6 tips to keep you and your family safe while taking opioids
Prescription opioids may be helpful for those recovering from surgery, serious injury, or, in some cases, in the treatment of chronic pain. But according to the Centers for Disease Control and Prevention (CDC), the number of drug overdose deaths increased by nearly 8 percent from 2018 to 2019 and has quadrupled since 1999, with data projecting those numbers for 2020 to increase even further. Over 70 percent of the 70,630 deaths in 2019 involved an opioid.
In addition, a recent study showed that most teenagers who have experimented with opioids, get them from their parent’s medicine cabinet.
“Keeping opioid medication in a secure location or even in a lock box is especially important if you have children or even grandchildren in your house,” says Dr. Mark Butterly, vice chair of pediatrics at Advocate Children’s Hospital in Oak Lawn.
Experts shared the following six key tips for taking opioids to keep yourself and family members safe:
1. Always take medication as prescribed and only for the reason it was prescribed.
2. Keep opioid medication in a safe place.
3. Never share your medications with anyone, including family members.
4. Do not drink alcohol while taking opioid medication. Do not operate heavy machinery, including driving a car.
5. After a few days, if you have not taken any of the pain medication, dispose of the leftover medication properly. (Visit dea.gov for a drop off location.)
6. Your physician may give you a prescription for Narcan® or naloxone. Ensure that you fill this prescription and have on hand. Narcan® (naloxone HCI) nasal spray can reverse an opioid overdose and saves lives. Narcan is covered by most insurance carriers for little to no co-pay. It can even be used if your pet accidentally gets into your opioid medication.
1. Taking more than prescribed
2. Taking for other pain reasons
3. Taking to sleep
4. Taking to feel high
Dr. Michael McNett, medical director of non-interventional pain services at Advocate Aurora Health, says it’s important to look for warning signs of opioid addiction.
“A few signs to look for include: your body craving medication, taking more than prescribed, and continuing to take the medication even when it is negatively affecting your relationships or job,” Dr. McNett adds.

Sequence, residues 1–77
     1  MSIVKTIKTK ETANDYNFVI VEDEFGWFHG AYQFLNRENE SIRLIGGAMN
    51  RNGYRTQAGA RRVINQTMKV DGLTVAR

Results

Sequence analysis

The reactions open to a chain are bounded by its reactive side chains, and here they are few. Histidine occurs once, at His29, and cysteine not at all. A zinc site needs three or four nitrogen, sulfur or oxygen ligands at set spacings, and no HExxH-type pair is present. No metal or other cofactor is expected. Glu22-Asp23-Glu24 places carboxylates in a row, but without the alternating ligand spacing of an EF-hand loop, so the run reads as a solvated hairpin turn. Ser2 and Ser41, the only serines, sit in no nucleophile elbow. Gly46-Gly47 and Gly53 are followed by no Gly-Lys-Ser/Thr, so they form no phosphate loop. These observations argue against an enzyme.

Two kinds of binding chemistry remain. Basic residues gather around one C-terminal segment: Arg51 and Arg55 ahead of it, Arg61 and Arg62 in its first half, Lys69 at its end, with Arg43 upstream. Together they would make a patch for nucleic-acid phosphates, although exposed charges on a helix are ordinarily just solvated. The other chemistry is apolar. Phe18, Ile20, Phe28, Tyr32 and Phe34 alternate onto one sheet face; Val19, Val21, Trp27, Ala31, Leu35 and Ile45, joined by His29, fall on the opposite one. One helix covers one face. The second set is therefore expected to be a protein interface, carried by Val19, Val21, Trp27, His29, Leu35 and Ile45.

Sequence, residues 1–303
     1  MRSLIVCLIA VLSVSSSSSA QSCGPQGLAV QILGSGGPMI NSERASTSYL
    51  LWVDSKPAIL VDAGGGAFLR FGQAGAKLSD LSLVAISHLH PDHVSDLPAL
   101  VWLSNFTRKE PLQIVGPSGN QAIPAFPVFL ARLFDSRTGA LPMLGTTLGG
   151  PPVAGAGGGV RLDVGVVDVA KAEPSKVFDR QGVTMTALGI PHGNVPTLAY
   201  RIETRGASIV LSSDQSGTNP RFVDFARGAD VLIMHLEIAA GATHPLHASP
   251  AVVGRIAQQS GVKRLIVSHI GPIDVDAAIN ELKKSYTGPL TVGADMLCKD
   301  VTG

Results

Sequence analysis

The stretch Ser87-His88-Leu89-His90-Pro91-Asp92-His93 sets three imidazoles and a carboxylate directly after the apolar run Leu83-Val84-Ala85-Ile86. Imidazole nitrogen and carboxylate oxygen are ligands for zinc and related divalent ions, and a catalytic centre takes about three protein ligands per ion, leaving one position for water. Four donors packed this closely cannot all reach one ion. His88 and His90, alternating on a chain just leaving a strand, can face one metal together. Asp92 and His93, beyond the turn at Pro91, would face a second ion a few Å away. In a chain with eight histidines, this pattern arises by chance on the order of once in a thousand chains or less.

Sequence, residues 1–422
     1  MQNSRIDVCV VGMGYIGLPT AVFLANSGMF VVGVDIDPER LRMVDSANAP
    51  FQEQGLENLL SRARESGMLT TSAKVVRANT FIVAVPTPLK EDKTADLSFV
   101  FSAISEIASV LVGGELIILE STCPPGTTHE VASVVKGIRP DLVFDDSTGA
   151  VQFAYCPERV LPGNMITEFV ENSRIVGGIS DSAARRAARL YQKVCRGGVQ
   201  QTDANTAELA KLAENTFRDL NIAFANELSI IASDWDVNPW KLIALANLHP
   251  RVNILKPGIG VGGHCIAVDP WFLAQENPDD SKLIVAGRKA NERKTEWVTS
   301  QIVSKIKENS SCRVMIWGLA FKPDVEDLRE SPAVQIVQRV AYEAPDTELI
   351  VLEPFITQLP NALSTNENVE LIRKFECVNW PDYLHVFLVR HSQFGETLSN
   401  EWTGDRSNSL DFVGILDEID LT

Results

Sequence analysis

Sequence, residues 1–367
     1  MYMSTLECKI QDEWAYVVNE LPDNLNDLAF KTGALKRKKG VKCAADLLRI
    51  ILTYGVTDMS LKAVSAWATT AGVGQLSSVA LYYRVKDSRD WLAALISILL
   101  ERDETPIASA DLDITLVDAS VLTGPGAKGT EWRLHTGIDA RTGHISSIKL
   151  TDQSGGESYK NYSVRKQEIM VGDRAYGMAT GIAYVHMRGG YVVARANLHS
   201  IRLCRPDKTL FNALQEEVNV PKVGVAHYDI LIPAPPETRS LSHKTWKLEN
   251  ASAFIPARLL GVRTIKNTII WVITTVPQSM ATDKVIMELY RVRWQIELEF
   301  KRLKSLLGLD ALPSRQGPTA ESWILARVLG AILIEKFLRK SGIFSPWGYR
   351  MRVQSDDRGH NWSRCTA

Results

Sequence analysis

For those that have been prescribed opioids for managing chronic pain or those who have been prescribed opioids for over two weeks, even for those who have been taking opioids for months and even years (as medicine is constantly changing), the below video provides important information and recommendations for you.
Our experts share more tips in the video to keep everyone safe (including your family pets), along with the need for compliance and signs of opioid misuse.
And the video below is recommended for you (or a loved one) who has been prescribed opioids to help manage pain after an injury or surgery. Our experts discuss the benefits and risks associated with taking opioids, as well as tips to keep everyone safe.
If you feel that you or a loved one are experiencing the warning signs of addiction, please talk to a clinician as there are ways to treat opioid addiction, which can be a complication from taking opioids even as prescribed for some patients. Another valuable resource is to call the Substance Abuse and Mental Health Services Administration’s (SAMHSA’s) Helpline at 1-800-662-HELP (4357), which is available 24 hours per day, 7 days per week.
“At Advocate Aurora Health, we are here to keep you safe and help you live well,” Dr. Diana Bottari, pain management specialist and lead physician in opioid mitigation at Advocate Christ Medical Center in Oak Lawn said.
About the Author
Sarah Scroggins, health enews contributor, is the director of social media at Advocate Aurora Health. She has a BA and MA in Communications. When not on social media, she loves reading a good book (or audiobook), watching the latest Netflix series and teaching a college night class.